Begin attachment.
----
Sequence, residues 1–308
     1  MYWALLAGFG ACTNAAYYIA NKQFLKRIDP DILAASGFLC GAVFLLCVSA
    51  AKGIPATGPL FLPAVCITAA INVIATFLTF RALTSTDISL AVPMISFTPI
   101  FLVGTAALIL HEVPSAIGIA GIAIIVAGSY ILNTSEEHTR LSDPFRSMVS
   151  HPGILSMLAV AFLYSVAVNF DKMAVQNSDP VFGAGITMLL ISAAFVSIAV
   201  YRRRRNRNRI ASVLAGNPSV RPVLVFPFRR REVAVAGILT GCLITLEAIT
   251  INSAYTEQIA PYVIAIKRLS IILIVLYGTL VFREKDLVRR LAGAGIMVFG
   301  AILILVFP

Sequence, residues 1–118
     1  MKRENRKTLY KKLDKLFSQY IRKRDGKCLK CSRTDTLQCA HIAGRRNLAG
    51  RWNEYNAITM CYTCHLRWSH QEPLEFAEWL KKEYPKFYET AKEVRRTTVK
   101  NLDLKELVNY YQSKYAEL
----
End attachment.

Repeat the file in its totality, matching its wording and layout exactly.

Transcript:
Sequence, residues 1–308
     1  MYWALLAGFG ACTNAAYYIA NKQFLKRIDP DILAASGFLC GAVFLLCVSA
    51  AKGIPATGPL FLPAVCITAA INVIATFLTF RALTSTDISL AVPMISFTPI
   101  FLVGTAALIL HEVPSAIGIA GIAIIVAGSY ILNTSEEHTR LSDPFRSMVS
   151  HPGILSMLAV AFLYSVAVNF DKMAVQNSDP VFGAGITMLL ISAAFVSIAV
   201  YRRRRNRNRI ASVLAGNPSV RPVLVFPFRR REVAVAGILT GCLITLEAIT
   251  INSAYTEQIA PYVIAIKRLS IILIVLYGTL VFREKDLVRR LAGAGIMVFG
   301  AILILVFP

Sequence, residues 1–118
     1  MKRENRKTLY KKLDKLFSQY IRKRDGKCLK CSRTDTLQCA HIAGRRNLAG
    51  RWNEYNAITM CYTCHLRWSH QEPLEFAEWL KKEYPKFYET AKEVRRTTVK
   101  NLDLKELVNY YQSKYAEL